[-] 1 points by gestopomilly (497) 8 years ago

Cut the 1 trillion in foreign aid welfare programs

[-] 1 points by MortgagedTent (121) 8 years ago

Let's reverse the question. If its ok for "billionaries" (must be some cross between a billionaire and a canary), why not unions? I'm not union, but I sympathesize. They're actions are a response to corporate greed, not a cause.

[-] -1 points by VladimirMayakovsky (796) 8 years ago

I think it is OK for everyone, unions, corporations, individuals, Govts, whoever wants to influence policy through money should be able to do so.

[-] 2 points by MortgagedTent (121) 8 years ago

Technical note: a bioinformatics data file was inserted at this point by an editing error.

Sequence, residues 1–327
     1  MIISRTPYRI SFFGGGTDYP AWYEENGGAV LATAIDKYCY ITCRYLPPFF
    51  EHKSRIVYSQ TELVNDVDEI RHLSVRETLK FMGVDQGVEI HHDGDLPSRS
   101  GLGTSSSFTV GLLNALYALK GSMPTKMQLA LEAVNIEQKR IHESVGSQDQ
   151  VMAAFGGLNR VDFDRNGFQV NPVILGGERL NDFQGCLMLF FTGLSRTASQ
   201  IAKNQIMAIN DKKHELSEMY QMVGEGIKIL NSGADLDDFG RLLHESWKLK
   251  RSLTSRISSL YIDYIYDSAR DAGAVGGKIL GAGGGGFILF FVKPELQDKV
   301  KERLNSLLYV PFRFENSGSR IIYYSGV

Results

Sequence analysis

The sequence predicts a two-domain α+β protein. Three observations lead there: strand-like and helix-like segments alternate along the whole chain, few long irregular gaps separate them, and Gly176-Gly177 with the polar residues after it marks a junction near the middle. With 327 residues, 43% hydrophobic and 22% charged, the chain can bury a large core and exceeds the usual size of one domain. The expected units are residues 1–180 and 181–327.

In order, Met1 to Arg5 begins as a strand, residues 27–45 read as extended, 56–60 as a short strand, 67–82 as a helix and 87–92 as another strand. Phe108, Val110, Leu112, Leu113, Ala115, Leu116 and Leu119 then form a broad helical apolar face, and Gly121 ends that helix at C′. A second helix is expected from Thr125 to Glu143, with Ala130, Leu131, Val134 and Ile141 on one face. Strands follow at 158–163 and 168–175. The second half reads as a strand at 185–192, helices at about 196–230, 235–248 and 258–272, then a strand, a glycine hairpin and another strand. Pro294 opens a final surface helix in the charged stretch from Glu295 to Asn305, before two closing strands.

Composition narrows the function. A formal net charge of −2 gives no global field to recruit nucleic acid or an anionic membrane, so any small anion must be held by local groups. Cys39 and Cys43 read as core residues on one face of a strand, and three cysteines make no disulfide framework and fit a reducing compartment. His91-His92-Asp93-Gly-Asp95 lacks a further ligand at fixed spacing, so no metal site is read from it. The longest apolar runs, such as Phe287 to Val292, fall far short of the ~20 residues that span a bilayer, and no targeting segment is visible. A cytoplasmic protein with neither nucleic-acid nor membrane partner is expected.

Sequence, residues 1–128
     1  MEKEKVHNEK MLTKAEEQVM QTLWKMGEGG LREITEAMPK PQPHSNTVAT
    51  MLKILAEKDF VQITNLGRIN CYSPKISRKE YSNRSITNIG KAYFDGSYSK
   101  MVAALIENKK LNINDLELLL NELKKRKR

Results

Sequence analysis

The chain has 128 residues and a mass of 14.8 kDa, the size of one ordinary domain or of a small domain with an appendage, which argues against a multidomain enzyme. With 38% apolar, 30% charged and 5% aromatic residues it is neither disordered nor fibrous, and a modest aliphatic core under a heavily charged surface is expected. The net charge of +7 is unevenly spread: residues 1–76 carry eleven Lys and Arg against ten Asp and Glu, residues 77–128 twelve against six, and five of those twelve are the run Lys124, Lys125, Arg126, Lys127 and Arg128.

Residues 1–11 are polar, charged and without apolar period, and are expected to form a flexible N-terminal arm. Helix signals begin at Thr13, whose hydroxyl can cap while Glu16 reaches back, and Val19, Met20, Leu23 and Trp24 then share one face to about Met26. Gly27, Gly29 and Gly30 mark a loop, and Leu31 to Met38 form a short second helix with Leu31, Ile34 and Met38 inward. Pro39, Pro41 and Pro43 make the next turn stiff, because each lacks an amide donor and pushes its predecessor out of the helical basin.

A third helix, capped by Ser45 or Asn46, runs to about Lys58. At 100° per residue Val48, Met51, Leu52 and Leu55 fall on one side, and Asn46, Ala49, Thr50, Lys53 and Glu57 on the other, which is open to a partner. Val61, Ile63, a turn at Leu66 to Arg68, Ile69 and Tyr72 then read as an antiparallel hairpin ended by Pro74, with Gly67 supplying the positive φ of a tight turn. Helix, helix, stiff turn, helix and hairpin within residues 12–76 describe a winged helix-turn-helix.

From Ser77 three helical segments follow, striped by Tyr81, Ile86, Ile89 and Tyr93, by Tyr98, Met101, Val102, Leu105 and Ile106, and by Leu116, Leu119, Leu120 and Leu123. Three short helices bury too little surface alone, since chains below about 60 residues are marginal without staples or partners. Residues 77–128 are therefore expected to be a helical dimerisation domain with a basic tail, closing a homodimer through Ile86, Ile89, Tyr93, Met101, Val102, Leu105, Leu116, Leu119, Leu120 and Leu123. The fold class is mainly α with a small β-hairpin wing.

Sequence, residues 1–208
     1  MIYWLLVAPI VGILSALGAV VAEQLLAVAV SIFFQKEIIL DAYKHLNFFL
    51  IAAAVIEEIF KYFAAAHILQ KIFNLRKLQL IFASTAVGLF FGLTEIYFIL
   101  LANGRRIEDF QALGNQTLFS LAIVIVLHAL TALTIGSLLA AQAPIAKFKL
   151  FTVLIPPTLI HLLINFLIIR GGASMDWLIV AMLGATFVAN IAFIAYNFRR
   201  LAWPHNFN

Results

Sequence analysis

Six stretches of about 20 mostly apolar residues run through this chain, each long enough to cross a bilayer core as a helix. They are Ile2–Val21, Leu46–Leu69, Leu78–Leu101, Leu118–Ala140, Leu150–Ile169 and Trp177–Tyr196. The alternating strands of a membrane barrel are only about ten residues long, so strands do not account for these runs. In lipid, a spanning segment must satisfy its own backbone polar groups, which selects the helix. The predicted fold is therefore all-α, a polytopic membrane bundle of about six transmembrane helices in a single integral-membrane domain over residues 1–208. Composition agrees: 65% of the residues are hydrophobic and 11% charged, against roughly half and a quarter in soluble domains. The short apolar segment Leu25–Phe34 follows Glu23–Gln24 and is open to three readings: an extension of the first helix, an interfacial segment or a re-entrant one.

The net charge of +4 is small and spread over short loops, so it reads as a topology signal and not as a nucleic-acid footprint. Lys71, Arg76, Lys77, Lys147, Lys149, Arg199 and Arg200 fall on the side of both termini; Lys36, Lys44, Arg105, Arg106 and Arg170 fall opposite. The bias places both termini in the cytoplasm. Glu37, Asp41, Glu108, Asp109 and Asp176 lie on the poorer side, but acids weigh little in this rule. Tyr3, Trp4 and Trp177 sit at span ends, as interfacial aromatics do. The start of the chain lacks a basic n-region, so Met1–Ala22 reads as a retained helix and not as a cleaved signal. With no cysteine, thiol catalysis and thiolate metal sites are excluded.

Ok, your either extremely rich, an agent of the extremely rich, or extremely stupid. No offense, but its got to be one of the three.

[-] 1 points by shwe (38) 8 years ago

VladimirMayakovsky does not have any intension to create the equal opportunities.

[-] 1 points by Eco (9) 8 years ago

He could also be the citizen of a different nation who, like many throughout history, looks at what the poorest within the US have relative to the poorest elsewhere and thinks 'that's really not so bad'.

[-] 1 points by MortgagedTent (121) 8 years ago

That would fall under the catagory 'agent of the extremely rich'. If you are correct, let me remind him (and you) that this is a forum about America. Not about the world trying to rob our middle and lower class. They have their own political process to influence. They should stay out of our business and we should stay out of theirs. Enough of these fruitless imperialistic campaigns.

[-] 1 points by frankchurch1 (839) from Jersey City, NJ 8 years ago